[0005] Even after the lamp is warm, there is some intensity variation over time. In addition, even with a warm lamp, intensity varies along the length of the lamp. In particular, for a warm lamp, the center region of the lamp is typically brighter than the ends of the lamp. Reflective document scanners and copiers commonly have a transparent platen on which a document is placed for scanning. Reflective document scanners and copiers commonly provide a fixed-position calibration strip, along a scanline dimension, typically along one edge of the bottom surface of the platen. This calibration strip is used to compensate for variation in sensitivity of individual photosensors (photo-response non-uniformity or PRNU), and for variation in light intensity along the length of the scanline. See, for example, U.S. Pat. No. 5,285,293. If sensor calibration is made while the intensity of the light source is still dynamically changing, an inaccurate sensor calibration may result. As a result, even though the intensity of the light source may be stable for most of the scan, the sensors will be inaccurate for the entire scan because of inaccurate initial calibration. Accordingly, it is common to wait for the lamp to stabilize before doing the PRNU calibration.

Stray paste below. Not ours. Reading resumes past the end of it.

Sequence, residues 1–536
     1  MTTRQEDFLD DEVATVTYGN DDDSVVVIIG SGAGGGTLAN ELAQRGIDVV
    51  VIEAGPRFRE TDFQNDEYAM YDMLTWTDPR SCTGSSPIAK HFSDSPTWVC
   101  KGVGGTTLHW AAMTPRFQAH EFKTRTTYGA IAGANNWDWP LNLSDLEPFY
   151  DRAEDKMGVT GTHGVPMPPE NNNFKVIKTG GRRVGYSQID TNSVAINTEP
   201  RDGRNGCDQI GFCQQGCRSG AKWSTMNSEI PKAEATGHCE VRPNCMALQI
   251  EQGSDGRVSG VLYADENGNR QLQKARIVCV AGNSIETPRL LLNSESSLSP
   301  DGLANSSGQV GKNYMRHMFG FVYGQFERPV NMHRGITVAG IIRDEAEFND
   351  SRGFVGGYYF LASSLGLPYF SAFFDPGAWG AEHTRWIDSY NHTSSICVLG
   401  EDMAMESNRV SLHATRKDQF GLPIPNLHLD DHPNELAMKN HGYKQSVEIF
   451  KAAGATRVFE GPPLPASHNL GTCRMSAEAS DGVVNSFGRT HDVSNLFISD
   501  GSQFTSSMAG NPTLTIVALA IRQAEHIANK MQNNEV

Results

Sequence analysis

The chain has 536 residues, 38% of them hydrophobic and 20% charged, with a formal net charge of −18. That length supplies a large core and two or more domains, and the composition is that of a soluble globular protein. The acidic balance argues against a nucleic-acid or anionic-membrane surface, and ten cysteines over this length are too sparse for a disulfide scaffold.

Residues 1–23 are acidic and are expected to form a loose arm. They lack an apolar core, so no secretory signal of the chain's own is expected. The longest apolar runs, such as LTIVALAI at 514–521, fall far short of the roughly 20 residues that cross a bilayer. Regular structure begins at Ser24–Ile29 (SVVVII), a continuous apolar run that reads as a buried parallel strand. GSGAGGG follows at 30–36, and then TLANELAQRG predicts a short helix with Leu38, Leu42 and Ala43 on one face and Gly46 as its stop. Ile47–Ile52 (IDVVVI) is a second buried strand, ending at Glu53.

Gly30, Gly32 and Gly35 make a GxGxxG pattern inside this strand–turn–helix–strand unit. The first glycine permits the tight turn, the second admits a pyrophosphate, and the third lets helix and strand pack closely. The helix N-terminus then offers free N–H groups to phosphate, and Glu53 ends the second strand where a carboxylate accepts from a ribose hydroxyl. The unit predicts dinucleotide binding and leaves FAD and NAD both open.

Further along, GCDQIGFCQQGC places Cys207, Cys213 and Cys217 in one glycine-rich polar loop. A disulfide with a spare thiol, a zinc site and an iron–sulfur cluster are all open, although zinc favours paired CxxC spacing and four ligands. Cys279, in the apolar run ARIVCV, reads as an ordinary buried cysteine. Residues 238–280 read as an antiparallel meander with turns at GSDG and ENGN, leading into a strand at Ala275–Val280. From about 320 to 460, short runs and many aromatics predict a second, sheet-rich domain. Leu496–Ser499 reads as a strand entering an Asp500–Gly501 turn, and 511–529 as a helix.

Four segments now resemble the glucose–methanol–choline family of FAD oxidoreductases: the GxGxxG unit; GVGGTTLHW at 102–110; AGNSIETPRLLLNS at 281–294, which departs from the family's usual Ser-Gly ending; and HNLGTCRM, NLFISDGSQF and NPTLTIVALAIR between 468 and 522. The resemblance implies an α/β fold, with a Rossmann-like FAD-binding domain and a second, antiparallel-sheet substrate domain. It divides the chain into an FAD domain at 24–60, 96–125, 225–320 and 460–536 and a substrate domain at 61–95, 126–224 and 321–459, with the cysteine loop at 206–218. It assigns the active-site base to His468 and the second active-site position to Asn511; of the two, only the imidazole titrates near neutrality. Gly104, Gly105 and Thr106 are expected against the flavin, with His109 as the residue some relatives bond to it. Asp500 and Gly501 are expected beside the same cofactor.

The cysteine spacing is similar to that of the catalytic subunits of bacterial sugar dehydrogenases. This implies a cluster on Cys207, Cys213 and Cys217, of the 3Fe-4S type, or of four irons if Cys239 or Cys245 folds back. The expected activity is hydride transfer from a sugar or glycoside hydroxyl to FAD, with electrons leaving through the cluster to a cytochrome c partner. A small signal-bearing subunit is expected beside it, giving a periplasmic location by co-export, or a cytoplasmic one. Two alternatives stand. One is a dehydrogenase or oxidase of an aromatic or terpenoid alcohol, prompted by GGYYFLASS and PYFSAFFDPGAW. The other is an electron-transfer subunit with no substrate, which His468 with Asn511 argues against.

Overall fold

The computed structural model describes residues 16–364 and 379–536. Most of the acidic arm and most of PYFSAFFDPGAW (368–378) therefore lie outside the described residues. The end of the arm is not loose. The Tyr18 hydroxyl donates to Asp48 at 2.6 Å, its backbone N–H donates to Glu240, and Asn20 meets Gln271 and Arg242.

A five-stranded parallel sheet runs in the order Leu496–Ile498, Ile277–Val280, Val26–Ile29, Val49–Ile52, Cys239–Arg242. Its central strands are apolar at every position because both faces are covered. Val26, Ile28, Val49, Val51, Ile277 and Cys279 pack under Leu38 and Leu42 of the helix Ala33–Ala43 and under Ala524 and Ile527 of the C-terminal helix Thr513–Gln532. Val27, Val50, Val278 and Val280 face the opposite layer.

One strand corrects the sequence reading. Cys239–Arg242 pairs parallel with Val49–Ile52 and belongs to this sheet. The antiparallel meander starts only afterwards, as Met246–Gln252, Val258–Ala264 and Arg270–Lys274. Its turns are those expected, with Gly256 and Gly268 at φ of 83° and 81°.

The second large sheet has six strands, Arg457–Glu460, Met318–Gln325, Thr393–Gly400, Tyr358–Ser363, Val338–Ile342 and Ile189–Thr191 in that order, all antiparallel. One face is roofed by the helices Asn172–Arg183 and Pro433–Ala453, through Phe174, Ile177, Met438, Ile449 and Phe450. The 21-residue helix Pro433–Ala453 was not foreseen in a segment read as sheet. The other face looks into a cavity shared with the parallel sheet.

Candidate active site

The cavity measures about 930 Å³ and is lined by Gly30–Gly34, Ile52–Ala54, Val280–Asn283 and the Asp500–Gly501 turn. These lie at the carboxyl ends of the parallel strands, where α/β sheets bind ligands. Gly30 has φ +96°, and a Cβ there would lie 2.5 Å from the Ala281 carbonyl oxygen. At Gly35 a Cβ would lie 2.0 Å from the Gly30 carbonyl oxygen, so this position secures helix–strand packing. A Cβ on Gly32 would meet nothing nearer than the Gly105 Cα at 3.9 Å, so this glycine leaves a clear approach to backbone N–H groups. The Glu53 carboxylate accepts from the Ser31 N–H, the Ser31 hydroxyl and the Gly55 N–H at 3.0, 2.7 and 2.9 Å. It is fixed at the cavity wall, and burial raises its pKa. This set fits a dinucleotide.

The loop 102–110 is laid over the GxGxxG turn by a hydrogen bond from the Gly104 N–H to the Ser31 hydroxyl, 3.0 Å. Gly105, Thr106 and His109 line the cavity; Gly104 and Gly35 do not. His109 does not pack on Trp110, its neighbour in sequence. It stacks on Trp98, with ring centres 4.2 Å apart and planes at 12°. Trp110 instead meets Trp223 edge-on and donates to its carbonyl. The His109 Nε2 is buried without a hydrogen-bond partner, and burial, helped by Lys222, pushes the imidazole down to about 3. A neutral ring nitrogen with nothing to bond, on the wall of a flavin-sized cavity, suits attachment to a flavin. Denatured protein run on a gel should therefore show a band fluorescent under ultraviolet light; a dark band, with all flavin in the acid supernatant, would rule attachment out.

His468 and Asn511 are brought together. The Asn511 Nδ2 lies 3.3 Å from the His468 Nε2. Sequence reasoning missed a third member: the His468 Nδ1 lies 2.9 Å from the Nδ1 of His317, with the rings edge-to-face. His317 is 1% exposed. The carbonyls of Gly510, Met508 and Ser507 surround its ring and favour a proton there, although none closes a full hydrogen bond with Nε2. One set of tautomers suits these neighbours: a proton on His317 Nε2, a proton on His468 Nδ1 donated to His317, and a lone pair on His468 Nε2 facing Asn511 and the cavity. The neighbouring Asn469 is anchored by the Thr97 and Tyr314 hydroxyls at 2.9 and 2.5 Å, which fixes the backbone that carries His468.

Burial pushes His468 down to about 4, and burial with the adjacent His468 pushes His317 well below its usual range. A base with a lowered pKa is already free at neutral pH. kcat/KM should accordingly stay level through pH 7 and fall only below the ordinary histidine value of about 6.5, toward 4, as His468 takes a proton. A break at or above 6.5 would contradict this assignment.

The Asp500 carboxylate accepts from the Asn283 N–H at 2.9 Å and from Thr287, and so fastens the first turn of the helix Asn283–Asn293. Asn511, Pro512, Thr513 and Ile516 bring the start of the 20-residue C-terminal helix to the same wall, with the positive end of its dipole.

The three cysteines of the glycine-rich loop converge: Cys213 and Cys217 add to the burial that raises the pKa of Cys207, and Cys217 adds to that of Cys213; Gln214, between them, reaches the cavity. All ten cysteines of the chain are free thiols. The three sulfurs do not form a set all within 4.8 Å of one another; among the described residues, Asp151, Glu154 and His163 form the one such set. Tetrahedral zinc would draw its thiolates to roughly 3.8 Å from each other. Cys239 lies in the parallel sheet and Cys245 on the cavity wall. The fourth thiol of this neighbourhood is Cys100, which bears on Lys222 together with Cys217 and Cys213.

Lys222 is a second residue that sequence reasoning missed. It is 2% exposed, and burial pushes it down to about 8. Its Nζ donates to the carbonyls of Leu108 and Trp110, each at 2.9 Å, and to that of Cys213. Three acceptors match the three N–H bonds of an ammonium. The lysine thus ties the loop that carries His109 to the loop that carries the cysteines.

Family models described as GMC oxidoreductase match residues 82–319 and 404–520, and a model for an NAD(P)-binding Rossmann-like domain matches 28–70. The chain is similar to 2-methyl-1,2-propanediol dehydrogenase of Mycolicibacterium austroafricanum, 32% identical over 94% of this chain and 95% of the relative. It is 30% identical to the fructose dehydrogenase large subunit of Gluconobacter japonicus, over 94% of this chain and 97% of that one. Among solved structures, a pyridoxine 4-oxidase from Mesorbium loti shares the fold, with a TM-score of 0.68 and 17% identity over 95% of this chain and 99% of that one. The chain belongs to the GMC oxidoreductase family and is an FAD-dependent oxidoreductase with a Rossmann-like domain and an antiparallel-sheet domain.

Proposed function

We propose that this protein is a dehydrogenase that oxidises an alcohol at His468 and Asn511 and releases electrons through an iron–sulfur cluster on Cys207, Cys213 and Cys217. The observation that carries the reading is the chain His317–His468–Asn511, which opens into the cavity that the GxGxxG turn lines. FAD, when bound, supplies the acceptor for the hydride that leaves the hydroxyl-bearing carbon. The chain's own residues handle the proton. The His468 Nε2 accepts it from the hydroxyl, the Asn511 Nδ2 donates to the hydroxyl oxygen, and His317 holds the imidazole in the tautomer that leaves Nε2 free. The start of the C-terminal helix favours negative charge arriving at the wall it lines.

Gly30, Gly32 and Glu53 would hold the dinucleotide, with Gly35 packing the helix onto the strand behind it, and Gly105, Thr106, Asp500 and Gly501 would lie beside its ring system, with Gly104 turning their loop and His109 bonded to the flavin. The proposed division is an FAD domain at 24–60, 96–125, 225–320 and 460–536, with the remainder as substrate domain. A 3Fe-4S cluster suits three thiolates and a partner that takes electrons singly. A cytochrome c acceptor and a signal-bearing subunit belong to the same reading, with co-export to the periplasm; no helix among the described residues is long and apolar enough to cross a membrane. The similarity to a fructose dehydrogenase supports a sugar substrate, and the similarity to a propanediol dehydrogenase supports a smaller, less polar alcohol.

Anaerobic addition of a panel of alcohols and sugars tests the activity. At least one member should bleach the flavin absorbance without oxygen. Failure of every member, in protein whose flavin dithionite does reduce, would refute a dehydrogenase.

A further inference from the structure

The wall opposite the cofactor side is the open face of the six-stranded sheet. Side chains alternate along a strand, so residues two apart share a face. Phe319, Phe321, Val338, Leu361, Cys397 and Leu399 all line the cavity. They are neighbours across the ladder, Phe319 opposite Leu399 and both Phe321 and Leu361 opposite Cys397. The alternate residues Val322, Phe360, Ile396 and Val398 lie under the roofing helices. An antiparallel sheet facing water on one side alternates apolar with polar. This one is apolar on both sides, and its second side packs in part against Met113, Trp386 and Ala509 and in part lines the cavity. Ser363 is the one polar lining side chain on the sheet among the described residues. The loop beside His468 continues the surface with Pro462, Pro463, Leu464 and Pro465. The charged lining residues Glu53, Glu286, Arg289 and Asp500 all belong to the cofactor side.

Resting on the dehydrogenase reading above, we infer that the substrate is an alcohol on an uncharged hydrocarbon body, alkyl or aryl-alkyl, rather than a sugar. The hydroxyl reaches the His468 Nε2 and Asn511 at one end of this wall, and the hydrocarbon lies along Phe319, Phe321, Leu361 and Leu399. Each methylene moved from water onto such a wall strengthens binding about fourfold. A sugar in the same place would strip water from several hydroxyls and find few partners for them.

[0006] The human eye contains three different kinds of color receptors (cones) that are sensitive to spectral bands that correspond roughly to red, green, and blue light. Specific sensitivities vary from person to person, but the average response for each receptor has been quantified and is known as the “CIE standard observer.” Accurate reproduction of color requires a light source that has adequate intensity in each of the spectral response ranges of the three types of receptors in the human eye. Typically, given a set of numerical values for photosensor responses for one pixel, for example, red, green, and blue, the numbers are mathematically treated as a vector. The vector is multiplied by a color transformation matrix to generate a different set of numbers. In general, the coefficients in the color transformation matrix compensate for differences between the response of photosensors and the response of the CIE standard observer, and the coefficients in the matrix may include compensation for the spectrum of the illumination source. See, for example, U.S. Pat. Nos. 5,793,884, and 5,753,906. An example output of the matrix is a set of coordinates in the CIE L*A*B* color space. Typically, matrix coefficients are fixed, and are obtained in a one-time factory calibration using a stable illumination source. With fixed matrix values, it is typically assumed that the spectrum of the illumination source is constant along the length of the lamp, and constant during the scan. Accordingly, it is common to wait for the lamp to stabilize before scanning to ensure that the spectrum of the illumination is close to the spectrum assumed in the matrix values.